Mr. Jim Ray makes several interesting points in his letter as regards the policy (or ignorance thereof) for the laying of land mines.
He will forgive me I hope should my inference be wrong, but it struck me that the primary aim (ptp) of his argument is that if one group of people choose to use morally indefensible weapons that is sufficient justification for others to own "morally defensible" weapons (my quotes).
I doubt that any weapon can be considered "moral" or "immoral"of itself, and therefore perhaps my use of both terms may be redundant, but I take it that Mr. Ray's opinion is that any intentions he may have as regards any potential use of his personal weaponry would be more laudable than those of the governments whose more powerful and well stocked arsenals he rightly condemns.
My view is that the holding of weapons (which launch projectiles or use explosives of any sort) by private citizenry in times of peace is morally wrong and potentially lethal to the structure of society. I write as an ex-gun club member, clay and game shooter, and one time owner of .22 rifles, 12ga shotguns and a Barnett crossbow.
Eighty miles from where I sit here in Dublin, there is likely to be another widow made tonight. The North of Ireland remains one of the last outposts of politically (inter alia) motivated murder on a casual and regular scale. Talk of "cease fires" is mockery in the faces of those six families whom in the last four weeks were made fatherless, brotherless, husbandless, for no better reason than the religious beliefs that those poor men happened to have learned at their parent's knees. Not only are religious beliefs fostered at that primary font, but hatred too, and oppressive behaviour. This potent combination is what lit the powder of Northern Ireland 30 years ago. It blazes merrily like a Kuwaiti oilfield ever since. The North of Ireland is governed by the laws of mainland Britain, where perhaps hatreds more often run silent and with less deadly surfacing in the main.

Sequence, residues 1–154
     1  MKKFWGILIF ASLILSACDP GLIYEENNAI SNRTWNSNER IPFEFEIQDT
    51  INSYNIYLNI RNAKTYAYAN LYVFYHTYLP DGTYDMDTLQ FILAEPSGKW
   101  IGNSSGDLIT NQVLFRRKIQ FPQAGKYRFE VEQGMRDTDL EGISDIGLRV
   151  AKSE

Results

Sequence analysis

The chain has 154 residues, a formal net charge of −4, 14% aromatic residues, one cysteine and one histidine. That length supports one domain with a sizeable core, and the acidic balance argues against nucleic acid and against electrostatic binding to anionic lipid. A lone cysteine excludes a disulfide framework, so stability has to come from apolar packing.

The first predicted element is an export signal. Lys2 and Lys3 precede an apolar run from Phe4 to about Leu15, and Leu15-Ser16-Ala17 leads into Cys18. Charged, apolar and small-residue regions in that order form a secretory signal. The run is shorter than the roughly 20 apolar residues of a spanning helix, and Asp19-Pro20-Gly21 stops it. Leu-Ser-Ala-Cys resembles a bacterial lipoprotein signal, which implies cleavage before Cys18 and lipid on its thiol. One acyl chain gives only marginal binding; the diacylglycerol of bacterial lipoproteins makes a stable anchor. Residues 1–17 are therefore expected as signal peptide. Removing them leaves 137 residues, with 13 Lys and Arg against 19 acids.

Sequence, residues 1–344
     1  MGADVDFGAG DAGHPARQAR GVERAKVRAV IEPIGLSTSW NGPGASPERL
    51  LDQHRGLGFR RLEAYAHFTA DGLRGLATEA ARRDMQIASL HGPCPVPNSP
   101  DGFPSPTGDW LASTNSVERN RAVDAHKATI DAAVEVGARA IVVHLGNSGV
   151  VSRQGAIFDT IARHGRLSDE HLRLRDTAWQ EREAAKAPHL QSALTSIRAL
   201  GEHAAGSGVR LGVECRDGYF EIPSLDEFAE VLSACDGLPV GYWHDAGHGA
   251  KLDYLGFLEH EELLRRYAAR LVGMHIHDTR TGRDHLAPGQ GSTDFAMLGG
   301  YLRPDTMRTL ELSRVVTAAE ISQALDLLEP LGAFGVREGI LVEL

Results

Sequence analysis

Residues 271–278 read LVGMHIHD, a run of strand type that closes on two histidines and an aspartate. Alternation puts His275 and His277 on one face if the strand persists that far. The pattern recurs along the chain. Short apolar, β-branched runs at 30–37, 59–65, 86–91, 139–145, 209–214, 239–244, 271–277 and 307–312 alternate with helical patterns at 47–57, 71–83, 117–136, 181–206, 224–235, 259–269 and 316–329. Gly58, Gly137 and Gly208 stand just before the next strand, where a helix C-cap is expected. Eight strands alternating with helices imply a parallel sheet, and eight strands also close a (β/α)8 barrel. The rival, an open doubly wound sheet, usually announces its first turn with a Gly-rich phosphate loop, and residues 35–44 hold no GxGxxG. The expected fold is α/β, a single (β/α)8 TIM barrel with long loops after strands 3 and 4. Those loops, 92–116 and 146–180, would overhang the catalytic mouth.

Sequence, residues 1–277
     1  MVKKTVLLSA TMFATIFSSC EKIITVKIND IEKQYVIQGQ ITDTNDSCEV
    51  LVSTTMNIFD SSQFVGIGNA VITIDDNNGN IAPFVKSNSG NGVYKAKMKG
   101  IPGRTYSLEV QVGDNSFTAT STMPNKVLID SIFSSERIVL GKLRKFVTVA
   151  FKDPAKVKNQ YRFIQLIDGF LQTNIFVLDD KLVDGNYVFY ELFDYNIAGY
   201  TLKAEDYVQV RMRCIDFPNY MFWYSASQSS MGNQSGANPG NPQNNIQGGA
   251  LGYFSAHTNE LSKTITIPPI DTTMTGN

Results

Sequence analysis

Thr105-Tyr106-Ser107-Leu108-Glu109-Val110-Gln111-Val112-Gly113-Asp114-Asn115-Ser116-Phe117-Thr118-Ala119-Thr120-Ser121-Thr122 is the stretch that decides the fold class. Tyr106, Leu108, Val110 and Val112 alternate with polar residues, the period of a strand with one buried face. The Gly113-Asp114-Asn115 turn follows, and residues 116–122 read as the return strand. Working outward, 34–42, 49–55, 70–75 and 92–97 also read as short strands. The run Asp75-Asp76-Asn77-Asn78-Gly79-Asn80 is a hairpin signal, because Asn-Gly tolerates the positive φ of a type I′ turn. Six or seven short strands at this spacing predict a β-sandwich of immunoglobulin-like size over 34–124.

In mainland Britain, at least until the recent public outrage at the deaths of 15 schoolchildren at a madman's gun forced the new administration to pass laws further restricting the ownership and use of such things; every citizen had the right to purchase and own a medium calibre handgun (up to .38). H/c rifles (up to 7.62mm) may still be acquired, in some cases with relative ease.
So also in the North of Ireland. This is by no means to suggest that the carnage of the North is solely due to legally owned weaponry. But to be sure, in many many cases the guns that do their bloody, anonymous work were once legally owned by doubtless well intentioned people like Mr. Ray.
I grew up near the Border (on the Southern side) and well remember the late sixties and early 1970's when nearly every gunsmith had been visited by the masked terror gangs, who beat him senseless or tied him up and stole his stock for bloody mayhem. The Irish government of the day, partly to reduce the effectiveness of this campaign of "weapons liberation" and also to reduce the damage to be caused by the seemingly inevitable civil conflict which was smoldering at the time, moved to put a constitutional amendment into place. This amendment banned the holding and or use of weapons of heavier calibre than 12ga for shotguns and .22 cal. for rifles and all other projectile weapons except handguns. Handguns were banned in their entirety, even air or CO2 weapons. To even be found in possession of such hardware today would draw a minimum 10 year prison sentence in high security Arbour Hill jail. Private ownership and use of explosives (including black powder) and pyrotechnics (including all fireworks) had been banned years before.
What has been the effect of this ban? Hard to tell, as we are limited to but one reality at a time. As today's society of the Irish Republic evolves with all its permissiveness and excess, what might have been is hard to contemplate as one looks at places like Belfast, Derry, Oklahoma City, Dallas and Waco.
Societies as civilized as our own here in the Emerald Isle, and with the same excesses and permissiveness ) exist in those places. In some cases wonderful to behold have these new liberties been yet those societies are far more threatened by the rule of the gun than is that of Dublin, or Cork, or Galway. Those foreign societies however allow - and in some cases facilitate with virtually "free for all" assessment of candidates - the unlimited access to weapons that their citizens (or a proportion thereof) demand.